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Will the record finally fall?

Author: 
Nigel Statham
Date: 
14/03/2016

Australia’s historical ocean race, the Brisbane to Gladstone Yacht Race will set sail for the 68th time on Good Friday, March 24.

With the reported chance of a cyclone forming around the Queensland coast this week the organisers, Queensland Cruising Yacht Club, and competitors are not straying far from their favourite forecasting site.

This year’s race has three very distinct interests. Queensland boat ‘Black Jack’ owned by Peter Harburg has been trying hard in recent years to beat the now twelve-year-old record for fastest ever elapsed time of 20 hours, 24 minutes and 50 seconds set by ‘Skandia Wild Thing’ in 2004. Unfortunately, despite taking both Line Honours and the overall win in last year’s race, the wind strength has not been favourable to the ex-Volvo 70 round the world craft. Skipper Mark Bradford will be hoping that the run of light wind races is finally at an end and the more than capable ‘Black Jack’ can make history with a new fastest time.

The second aspect of the race, and unquestionably the harder one to call, is who will win the race overall and be presented with the prestigious Courier Mail Cup in Gladstone.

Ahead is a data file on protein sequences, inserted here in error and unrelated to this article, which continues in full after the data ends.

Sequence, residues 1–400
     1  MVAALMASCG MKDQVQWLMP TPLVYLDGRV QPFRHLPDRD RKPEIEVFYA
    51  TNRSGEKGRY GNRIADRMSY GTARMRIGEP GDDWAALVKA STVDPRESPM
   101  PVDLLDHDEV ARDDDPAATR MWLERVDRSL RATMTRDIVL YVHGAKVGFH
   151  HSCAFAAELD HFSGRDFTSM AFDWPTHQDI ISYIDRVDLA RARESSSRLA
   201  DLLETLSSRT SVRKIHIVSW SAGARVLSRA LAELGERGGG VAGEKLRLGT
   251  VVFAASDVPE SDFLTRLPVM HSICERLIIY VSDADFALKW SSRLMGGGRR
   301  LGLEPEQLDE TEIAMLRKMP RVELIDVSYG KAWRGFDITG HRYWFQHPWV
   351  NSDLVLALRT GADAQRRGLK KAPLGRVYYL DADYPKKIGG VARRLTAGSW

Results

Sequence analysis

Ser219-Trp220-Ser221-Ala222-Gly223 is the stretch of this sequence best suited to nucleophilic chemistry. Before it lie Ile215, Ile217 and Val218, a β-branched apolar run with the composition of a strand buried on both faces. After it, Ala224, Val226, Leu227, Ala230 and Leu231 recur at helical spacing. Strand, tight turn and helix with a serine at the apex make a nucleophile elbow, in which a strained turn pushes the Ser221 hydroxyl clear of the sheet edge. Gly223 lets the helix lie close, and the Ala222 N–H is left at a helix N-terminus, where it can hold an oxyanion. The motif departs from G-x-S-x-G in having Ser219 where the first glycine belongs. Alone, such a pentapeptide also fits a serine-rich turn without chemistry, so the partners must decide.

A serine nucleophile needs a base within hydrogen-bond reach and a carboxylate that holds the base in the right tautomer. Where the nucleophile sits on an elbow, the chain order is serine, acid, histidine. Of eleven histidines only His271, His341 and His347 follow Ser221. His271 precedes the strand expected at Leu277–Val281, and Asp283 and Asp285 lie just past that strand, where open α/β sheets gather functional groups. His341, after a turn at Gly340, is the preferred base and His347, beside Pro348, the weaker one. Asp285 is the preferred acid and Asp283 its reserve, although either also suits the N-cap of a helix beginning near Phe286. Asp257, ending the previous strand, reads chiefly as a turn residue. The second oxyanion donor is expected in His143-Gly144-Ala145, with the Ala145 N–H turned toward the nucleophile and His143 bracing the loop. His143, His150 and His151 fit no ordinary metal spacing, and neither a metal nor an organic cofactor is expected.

Finishing first doesn't mean you have won the race. Each boat is given a ‘handicap’ derived from measurements of the boat; the resulting time corrector, the boat’s ‘TCC’, is her handicap. The higher the TCC figure, the faster the boat's potential speed.

After the race, each boat’s elapsed time (the time she has taken to complete the course) is multiplied by her TCC to calculate her corrected time. If every boat sailed a perfect race in exactly the same wind conditions then theoretically, they would all have the same corrected time. Thankfully for us the spectators that doesn't happen in the real world; the boat with the shortest corrected time is the winner of the race.

If ‘Black Jack’ have a fast race and then the wind dies, she stands a good chance of back to back wins but if the wind holds then this highly competitive fleet make it hard to predict a winner.

 ‘Kerumba’, a Ker 50, is always competitive, as is ‘The Fat Controller’. If the wind really favours the smaller boats then ‘Redjam’ has recently has a good run of form and you can never discount the experience on board ‘Corrobboree’ skippered by Robbo Robertson or the oldest boat in the fleet and four times winner, ‘Wistari’.

When asked for his pick, Race Director, Nigel Statham commented “if you are looking for the dark horse of the fleet, then keep an eye on ‘Quest’, she has a long history and is now being campaigned by a well drilled and fast improving crew who are showing dramatic gains. The test will be whether they can perform at their best for the entire 308-mile race”

The third interest for the 2016 edition of this great race is the first ever inclusion of a shorthanded category. Three boats are lining up to be the pioneers in this category which allows a maximum of two crew members per yacht. QCYC Club boat ‘Samurai Jack’ has the most recent experience but all of the three boast a wealth of experience.

There is lots to watch out for in this year’s Brisbane to Gladstone Yacht Race, but first and foremost, it is the wind forecast.

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Race Director Queensland Cruising Yacht Club PO Box 399 Sandgate QLD 4710 Phone: 07 3269 4588 Fax: 07 3269 0818